As with lots of other folks, Dan and I often combine our travel plans with our hobbies and interests. For many people, a trip could revolve around a specific activity – like hunting, fishing, hiking, skiing, scuba diving, and the like. In our case, it seems that treasure hunting often plays a role in our adventures.
Years ago, when we were still living in the Windy City, we made two such trips that I can remember – one to Crater of Diamonds State Park in southwestern Arkansas and one to the Marshall Gold Discovery State Historic Park in northern California. With both trips, it was Dan who discovered the sites and urged us to go.
We first visited Crater of Diamonds – “the world’s only diamond site where you can search and keep what you find” – in May of 2000. Upon our initial viewing, it didn’t look like much – just an ordinary farmer’s field, before the crops have emerged. Plowed into neat little rows, the soggy dirt patch seemed no place for a sparkling diamond, but that’s the reason we were there. After purchasing our inexpensive day passes, we gathered our strainers, spades, gloves, and buckets, and trekked across the field. Although April would have been a better time to visit – when the seasonal rains cause the diamonds and other precious stones (including agate and amethyst) to rise to the surface – we were eager to begin our search.
Beside a sheltered screening area, we filled a bucket with dirt, scooped a few handfuls onto our screens, and patiently shook the box frames in the water bin. When nothing but rocks and potential gems were left in our screens, we turned them over on a nearby workbench to let the gravel piles dry before sifting through them more carefully. We spent much of the day repeating that process, and though we discovered no diamonds, we were surprised by how many interesting rocks and minerals could be found in several handfuls of ordinary-looking dirt. Of course, it’s the possibility that lured visitors like us – the possibility that we would find a record-breaking jewel, like the 40-carat Uncle Sam excavated at the Crater in 1924.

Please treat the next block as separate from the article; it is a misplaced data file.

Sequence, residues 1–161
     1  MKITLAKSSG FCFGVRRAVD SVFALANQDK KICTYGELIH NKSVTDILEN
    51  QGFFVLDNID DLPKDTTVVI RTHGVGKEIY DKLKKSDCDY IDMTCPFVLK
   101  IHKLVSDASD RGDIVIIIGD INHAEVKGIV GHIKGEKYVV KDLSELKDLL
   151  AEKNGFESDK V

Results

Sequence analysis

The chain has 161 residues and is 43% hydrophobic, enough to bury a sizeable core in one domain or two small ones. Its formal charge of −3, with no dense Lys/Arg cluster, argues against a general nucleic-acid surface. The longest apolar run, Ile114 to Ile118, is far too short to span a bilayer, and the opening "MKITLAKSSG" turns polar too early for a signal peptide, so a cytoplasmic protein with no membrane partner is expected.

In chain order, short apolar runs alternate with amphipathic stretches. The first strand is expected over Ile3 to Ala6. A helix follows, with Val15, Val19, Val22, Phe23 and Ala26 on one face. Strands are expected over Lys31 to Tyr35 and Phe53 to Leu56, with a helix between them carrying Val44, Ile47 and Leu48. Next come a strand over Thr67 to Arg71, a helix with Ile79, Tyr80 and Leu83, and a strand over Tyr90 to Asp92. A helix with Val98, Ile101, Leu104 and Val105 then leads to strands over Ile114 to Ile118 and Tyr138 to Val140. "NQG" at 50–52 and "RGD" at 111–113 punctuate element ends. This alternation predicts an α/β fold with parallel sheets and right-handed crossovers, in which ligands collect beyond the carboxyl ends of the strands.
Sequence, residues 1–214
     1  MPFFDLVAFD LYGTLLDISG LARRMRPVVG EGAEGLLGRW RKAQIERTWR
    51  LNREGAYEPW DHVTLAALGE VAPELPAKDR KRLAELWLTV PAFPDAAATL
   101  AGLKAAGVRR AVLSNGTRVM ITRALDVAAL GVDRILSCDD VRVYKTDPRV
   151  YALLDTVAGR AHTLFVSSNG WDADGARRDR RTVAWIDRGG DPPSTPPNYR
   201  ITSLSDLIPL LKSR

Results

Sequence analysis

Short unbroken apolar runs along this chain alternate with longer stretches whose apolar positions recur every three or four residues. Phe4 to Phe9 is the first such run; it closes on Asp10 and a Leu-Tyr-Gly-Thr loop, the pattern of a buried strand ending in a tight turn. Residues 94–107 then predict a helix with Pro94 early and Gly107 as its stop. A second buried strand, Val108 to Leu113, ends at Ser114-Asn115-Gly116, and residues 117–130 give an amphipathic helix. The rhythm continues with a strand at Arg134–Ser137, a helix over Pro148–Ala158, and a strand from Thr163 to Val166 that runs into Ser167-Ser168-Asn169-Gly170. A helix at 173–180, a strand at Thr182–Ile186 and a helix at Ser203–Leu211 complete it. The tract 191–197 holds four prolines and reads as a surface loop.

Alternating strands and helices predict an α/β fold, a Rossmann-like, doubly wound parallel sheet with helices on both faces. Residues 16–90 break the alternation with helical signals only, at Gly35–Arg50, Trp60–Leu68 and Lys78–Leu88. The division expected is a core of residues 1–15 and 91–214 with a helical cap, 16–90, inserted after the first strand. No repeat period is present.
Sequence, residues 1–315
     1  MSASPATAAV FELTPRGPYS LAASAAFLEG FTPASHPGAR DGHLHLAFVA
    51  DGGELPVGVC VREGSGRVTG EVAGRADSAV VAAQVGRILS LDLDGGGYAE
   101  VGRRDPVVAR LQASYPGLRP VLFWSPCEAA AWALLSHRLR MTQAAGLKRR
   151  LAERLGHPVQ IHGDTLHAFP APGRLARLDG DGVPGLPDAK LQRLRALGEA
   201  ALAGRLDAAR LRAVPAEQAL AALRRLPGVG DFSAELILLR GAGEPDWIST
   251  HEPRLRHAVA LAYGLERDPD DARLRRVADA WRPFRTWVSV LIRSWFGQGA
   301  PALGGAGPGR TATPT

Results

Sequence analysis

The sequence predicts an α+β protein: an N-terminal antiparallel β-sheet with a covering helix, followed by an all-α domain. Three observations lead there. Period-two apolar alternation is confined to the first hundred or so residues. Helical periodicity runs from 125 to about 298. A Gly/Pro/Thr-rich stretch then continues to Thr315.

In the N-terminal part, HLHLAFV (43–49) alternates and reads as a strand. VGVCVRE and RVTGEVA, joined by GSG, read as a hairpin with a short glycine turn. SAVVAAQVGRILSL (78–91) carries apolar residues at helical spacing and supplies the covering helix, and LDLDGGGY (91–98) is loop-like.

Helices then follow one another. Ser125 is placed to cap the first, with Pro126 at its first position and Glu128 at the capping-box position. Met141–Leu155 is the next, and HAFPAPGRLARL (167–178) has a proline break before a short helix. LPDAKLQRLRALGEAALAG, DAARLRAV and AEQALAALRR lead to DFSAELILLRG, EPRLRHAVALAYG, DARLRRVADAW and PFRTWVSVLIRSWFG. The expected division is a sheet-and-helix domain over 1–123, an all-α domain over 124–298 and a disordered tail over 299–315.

As for our trip to northern California, we went with the intention of searching for gold flakes and nuggets in the crystalline waters of the American River. At the Marshall Gold Discovery State Historic Park visitor center, Dan and I purchased two black gold-sifting pans and drove to a picturesque spot along the South Fork. While Dan alternately fished and sifted for gold flakes, I roamed the shore, taking in our lovely surroundings. When I spotted a mass of blackberry bushes, I finally recognized the real treasure of the American River. Later, in our hotel room, we stared at the gold flecks in our tiny vial and gorged ourselves on delicious blackberries. Now, wherever I go, I am more likely to hunt for simple treasures like wild strawberries before ever wondering about the gems that might be hidden beneath the surface.
So, when we finally hit the road in the fall of 2000 and journeyed to South Padre Island in southern Texas to meet a notorious treasure hunter named Steve Hathcock, I was less interested in finding buried coins and jewels than in discovering more natural treasures. During the course of several trips with Steve (over several ensuing years) into the deserted mudflats of northern South Padre, Dan discovered some interesting items (without the benefit of a metal detector) – items such as a massive rusted chain and an old Civil War bullet.
While I was proud of such finds – and intrigued by the drift seeds, sea glass, and sea coconuts that we found along the shore – I was even prouder when I made a discovery of my own: the intact, windblown skull of what appeared to be a coyote. Steve and his partner, Kay Lay, were so impressed, in fact, that they decided to display the skull in their small natural history museum in town. I couldn’t have been happier if I’d uncovered an old Spanish galleon just brimming with treasure chests. Of course, that’s easier said when you have yet to discover such a find.
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